Due to the coronavirus, you may find yourself holed up at home more than usual, isolated from the outside world. It’s a great opportunity to double down on your friendship with television. Here are some series and movies, available through streaming, guaranteed to take your mind off the news.

Coming to America

Some of the key players behind “The Big Sick” and “Master of None” have found a way to champion immigrant stories without making viewers feel like they’re attending a naturalization ceremony. Each half-hour episode of the anthology series “Little America” spotlights a different character who overcame the odds in real life to triumph in everything from competitive squash to economics. You’ll end up cheering for each and everyone of them, no matter your ethnic background. Apple TV Plus

Miles ahead

Minnesotan Carl Lumbly provides the voice of the late Miles Davis in “Miles Davis: Birth of the Cool,” but the groundbreaking music is all the jazz legend’s own. Director Stanley Nelson has assembled an all-star session of musicians, including Quincy Jones, Carlos Santana and Wayne Shorter, to pay tribute, but it’s Lumbly’s raspy readings from Davis’ autobiography that will keep ringing in your ears. pbs.org

Dance with somebody

The TV version of “High Fidelity” may be set in contemporary times, but the series is clearly entrenched in the ’80s. When protagonist Zoe Kravitz, slipping smoothly into John Cusack’s role, isn’t moping around her record store wondering why her life isn’t like a John Hughes movie, she’s jamming to Dexys Midnight Runners and Tina Turner. You won’t be surprised when Deborah Harry pops up to soothe our heroine’s heart of glass. Hulu

Stronger than before

The second season of “Shrill” picks up where we left off, with Annie (Aidy Bryant) scampering away after vandalizing the car of her online troller (Beck Bennett). But Annie isn’t running scared in these new episodes, flexing her firmer backbone from one wacky incident to the next. “I’m not off the rails,” she says. “I am the rails.” Get on board. Hulu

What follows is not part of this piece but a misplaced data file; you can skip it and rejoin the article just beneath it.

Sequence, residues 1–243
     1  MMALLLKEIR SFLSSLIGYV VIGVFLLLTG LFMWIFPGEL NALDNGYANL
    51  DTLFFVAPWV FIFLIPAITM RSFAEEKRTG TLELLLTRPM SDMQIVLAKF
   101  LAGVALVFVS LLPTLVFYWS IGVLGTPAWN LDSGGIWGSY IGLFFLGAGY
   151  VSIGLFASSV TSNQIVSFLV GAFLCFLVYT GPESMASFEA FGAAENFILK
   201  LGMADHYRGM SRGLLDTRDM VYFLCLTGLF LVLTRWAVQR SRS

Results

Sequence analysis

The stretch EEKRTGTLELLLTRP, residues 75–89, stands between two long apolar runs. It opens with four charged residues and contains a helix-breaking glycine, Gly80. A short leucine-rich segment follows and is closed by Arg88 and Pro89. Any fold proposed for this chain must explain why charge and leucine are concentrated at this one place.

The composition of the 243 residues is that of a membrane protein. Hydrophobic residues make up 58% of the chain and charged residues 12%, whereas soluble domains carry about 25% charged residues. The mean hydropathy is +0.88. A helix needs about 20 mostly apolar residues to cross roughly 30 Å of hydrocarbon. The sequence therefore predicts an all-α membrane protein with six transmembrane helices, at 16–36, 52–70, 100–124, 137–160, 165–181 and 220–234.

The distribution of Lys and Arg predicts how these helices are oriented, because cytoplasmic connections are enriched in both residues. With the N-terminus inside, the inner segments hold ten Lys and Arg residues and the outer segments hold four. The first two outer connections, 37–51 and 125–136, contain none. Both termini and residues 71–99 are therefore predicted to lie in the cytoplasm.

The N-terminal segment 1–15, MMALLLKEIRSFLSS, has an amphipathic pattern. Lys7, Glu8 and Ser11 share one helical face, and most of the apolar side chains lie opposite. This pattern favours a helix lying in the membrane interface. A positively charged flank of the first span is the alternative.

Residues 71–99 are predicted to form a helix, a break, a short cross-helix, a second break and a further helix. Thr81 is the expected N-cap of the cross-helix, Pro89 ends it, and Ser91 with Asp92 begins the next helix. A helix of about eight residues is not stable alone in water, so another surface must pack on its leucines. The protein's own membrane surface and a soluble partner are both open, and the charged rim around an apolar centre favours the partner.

Make it so

Don’t set your expectations to stun before watching “Star Trek: Picard” — unless the primary reason you’re tuning in is to watch Patrick Stewart do battle with his own conscience. The quiet moments with the Shakespearean-trained veteran are just as enthralling as any action scenes in the franchise’s last feature film. CBS All Access

From France, with whimsy

It’s impossible not to grin during the charming “Amelie.” Somehow, the French rom-com didn’t make Audrey Tautou a big star but it should have because she’s delightful as a woman who is the fairy godmother of Paris’ Montmartre neighborhood. The City of Light may be off-limits to tourists now but you can schedule a two-hour visit with this magical fable.

We need him now, more than ever

Tom Hanks’ uncanny, Oscar-nominated performance as Fred Rogers is just the most obvious pleasure of Marielle Heller’s lovely “A Beautiful Day in the Neighborhood,” in which Rogers provides emotional support for a troubled journalist (Matthew Rhys) and we are encouraged to contemplate the little ways in which we could make the world a better place. In short: WWFRD?

A little-known gem

Many moviegoers will tell you their favorite movie Scrooge, among dozens of contenders, is Alastair Sim. But the guy made other movies, too, and the comic mystery, “Green for Danger,” is the best. Although it was made almost eight decades ago, it feels strikingly modern in its ironic humor and in Sim’s performance as a detective on the trail of a small-town British murderer. Like “Columbo,” he pretends to bumble but doesn’t miss a thing.

Pros who are cons

A year before “Parasite,” theaters were graced by “Shoplifters,” another humanist gem about grifters who make a living by preying on the rich. Hirokazu Koreeda’s bittersweet Japanese fable is a much gentler film, a tender story that argues that there’s more than one way to build a family.

A child shall lead them

When the delayed release of the live-action “Mulan” happens, there’s apt to be a lot of talk about director Niki Caro, who also made the Minnesota-set “North Country.” Until then, why not catch up with the movie that established her, an inspiring story about a resourceful girl who knows exactly what it will take to save her New Zealand community, if only she can get people to listen. First-time actor Keisha Castle-Hughes’ towering performance has to be seen to be believed.